We have made boot floppies with a very short startup-sequence: They basically start up the PiDisk file system, then assign all the system directories over to PI0: and continue the boot process from there.

The time spent during floppy access on the Amiga, is enough for the RPi to boot up and start the A314 daemon which in turn launches the PiDisk filesystem.
This is of course primarily a concern for cold boot situations; a warm boot (Ctrl-A-A Reset) does not affect the RPi, so in those situations the A314 daemon is already available.
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Old 26 April 2019, 10:21   #35
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Yay, that's great to hear! Growing the user base by 50%!
I've ordered parts to build up two of them, but will have some spare PCBs available for sale if anyone else wants to build their own. Should be somewhere around £12-£15 GBP per board (4 layer boards so a bit pricier than normal).
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Old 26 April 2019, 10:42   #36
Niklas
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One of my questions is how does the solution deal with asynchronous boot sequencing/timing of the Pi and Amiga? I imagine you need to kick off a task/thread to poll/wait for contact with the other device.
Great question. It is designed to work regardless of the timing when booting up. I'll explain how it works.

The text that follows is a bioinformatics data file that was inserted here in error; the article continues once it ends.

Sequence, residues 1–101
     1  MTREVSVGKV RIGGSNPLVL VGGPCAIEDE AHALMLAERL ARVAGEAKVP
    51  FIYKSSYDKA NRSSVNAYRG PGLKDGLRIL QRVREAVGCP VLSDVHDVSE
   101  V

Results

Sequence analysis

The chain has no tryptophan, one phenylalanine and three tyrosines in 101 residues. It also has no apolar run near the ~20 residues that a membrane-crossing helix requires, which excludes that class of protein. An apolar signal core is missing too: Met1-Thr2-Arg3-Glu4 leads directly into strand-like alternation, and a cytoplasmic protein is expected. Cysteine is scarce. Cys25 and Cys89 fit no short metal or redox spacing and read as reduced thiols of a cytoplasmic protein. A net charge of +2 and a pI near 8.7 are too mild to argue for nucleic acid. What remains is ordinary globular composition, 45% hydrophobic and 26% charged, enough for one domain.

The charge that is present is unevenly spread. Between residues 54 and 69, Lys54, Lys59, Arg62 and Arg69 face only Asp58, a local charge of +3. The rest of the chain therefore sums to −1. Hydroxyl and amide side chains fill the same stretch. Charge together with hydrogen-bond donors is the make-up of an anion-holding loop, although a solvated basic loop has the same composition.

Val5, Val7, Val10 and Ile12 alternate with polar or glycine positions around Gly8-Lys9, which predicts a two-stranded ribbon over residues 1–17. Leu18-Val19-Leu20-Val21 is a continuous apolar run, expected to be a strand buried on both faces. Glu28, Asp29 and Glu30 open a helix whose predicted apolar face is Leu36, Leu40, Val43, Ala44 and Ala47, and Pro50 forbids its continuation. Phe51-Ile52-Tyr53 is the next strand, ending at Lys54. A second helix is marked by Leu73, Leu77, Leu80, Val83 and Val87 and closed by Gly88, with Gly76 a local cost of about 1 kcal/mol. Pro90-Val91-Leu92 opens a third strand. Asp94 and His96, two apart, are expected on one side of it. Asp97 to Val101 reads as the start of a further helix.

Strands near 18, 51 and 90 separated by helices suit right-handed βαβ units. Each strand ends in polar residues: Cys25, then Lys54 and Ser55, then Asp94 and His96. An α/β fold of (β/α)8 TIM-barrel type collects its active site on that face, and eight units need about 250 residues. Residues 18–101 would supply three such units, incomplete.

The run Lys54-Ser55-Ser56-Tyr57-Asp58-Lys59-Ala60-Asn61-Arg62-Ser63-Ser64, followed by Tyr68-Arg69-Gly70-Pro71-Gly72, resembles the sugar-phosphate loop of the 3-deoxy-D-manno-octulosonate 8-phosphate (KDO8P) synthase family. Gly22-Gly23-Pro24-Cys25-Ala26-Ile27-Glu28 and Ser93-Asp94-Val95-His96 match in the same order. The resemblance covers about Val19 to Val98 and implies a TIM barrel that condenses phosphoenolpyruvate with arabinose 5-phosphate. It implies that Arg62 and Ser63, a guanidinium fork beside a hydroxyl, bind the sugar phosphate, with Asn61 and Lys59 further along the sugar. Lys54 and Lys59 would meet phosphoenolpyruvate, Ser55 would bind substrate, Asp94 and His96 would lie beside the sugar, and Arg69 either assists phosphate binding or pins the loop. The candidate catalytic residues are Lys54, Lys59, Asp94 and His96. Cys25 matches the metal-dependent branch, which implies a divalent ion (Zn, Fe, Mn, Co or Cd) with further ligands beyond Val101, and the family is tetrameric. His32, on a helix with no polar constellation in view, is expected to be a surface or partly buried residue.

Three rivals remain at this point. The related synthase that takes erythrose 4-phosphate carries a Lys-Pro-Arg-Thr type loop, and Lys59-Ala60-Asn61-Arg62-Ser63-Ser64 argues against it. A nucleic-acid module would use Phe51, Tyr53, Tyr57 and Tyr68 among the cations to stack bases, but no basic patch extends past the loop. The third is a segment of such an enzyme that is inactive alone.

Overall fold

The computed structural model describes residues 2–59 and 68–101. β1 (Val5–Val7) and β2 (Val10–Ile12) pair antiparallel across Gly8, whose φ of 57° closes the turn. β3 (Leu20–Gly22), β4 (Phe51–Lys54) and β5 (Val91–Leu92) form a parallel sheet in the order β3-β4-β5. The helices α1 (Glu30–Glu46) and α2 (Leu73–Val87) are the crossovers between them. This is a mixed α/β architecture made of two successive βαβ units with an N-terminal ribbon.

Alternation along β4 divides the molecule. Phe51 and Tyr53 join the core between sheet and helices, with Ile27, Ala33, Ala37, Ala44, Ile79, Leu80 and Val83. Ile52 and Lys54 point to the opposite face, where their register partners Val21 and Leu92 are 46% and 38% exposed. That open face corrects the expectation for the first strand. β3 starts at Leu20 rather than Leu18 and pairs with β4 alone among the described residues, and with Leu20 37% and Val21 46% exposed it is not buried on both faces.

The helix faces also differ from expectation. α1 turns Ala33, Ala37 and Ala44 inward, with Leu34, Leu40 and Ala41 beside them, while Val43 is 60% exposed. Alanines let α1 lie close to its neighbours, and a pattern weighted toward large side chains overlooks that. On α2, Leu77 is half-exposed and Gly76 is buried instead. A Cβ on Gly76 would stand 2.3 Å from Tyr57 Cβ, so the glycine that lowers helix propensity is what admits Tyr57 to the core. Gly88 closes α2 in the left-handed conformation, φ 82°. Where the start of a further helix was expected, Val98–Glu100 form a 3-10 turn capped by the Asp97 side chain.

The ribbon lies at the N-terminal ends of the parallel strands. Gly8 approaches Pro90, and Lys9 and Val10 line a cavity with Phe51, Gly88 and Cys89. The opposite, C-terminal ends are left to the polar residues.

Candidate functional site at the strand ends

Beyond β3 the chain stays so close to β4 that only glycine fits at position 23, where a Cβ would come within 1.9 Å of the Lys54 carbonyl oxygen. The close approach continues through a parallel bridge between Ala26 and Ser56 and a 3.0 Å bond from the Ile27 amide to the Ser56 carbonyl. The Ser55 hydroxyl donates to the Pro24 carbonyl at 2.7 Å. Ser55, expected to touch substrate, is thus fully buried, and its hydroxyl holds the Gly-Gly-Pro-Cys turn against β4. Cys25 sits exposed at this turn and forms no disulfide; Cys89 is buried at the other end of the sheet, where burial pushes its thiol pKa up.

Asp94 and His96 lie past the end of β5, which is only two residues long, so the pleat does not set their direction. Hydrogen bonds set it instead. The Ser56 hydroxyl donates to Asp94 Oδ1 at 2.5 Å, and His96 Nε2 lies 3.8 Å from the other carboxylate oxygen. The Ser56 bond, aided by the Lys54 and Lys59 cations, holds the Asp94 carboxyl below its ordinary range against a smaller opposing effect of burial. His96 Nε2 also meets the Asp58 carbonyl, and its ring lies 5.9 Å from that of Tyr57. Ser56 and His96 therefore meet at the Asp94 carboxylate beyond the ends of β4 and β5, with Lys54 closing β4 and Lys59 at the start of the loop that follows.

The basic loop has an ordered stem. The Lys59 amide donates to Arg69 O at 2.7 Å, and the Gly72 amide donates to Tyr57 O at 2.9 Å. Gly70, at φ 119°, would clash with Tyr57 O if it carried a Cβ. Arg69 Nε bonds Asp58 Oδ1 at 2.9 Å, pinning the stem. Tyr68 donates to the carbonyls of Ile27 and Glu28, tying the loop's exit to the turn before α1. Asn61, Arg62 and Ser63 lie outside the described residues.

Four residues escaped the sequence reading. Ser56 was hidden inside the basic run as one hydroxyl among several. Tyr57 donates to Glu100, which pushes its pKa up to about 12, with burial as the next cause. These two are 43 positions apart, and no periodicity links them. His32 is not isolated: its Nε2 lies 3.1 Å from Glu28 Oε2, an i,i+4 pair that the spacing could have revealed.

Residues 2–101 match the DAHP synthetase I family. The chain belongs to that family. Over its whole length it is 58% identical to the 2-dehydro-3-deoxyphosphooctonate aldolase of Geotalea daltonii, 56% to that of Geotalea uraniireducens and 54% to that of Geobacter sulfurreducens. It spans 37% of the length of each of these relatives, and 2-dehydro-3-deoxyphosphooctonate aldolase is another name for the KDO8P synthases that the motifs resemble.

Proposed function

First, you should know that the trapdoor expansion has essentially two buses going through it: a DRAM bus, and an RTC bus. The A314 looks like regular DRAM memory and RTC chip to the Amiga, but the RTC bus is also slightly subverted. If a particular bit in a particular RTC register is toggled then the RTC emulation switches bank to a new set of A314 registers that only the a314.device knows about. These registers are known as CMEM registers. CMEM registers can hold information, but some of them are also involved in controlling interrupts.

On the Amiga side:
- When a program on the Amiga wants to communicate with the RPi it loads a314.device (after that a314.device remains in memory until reboot).
- When a314.device loads it allocates a block of MEMF_A314 memory, i.e. memory on the board that can be accessed by the RPi. This block of memory is called the "communication area".
- a314.device writes the address of the communication area (the base address) to a set of CMEM registers (each CMEM register is 4 bits, so 5 CMEM registers are used to store the base address).
- a314.device writes to CMEM registers to interrupt the RPi to notify that the base address has been written. This interrupt may not be seen by the RPi if the RPi has not booted yet.
- When the program on the Amiga wants to connect to a service on the RPi, it calls a314.device, which writes a CONNECT packet to the com-area, and then generates an interrupt notifying the RPi that a packet has been written. Again, this interrupt may not be seen if the RPi hasn't booted yet.
- The program (via a314.device) waits until it receives a CONNECT_RESPONSE packet back from the RPi.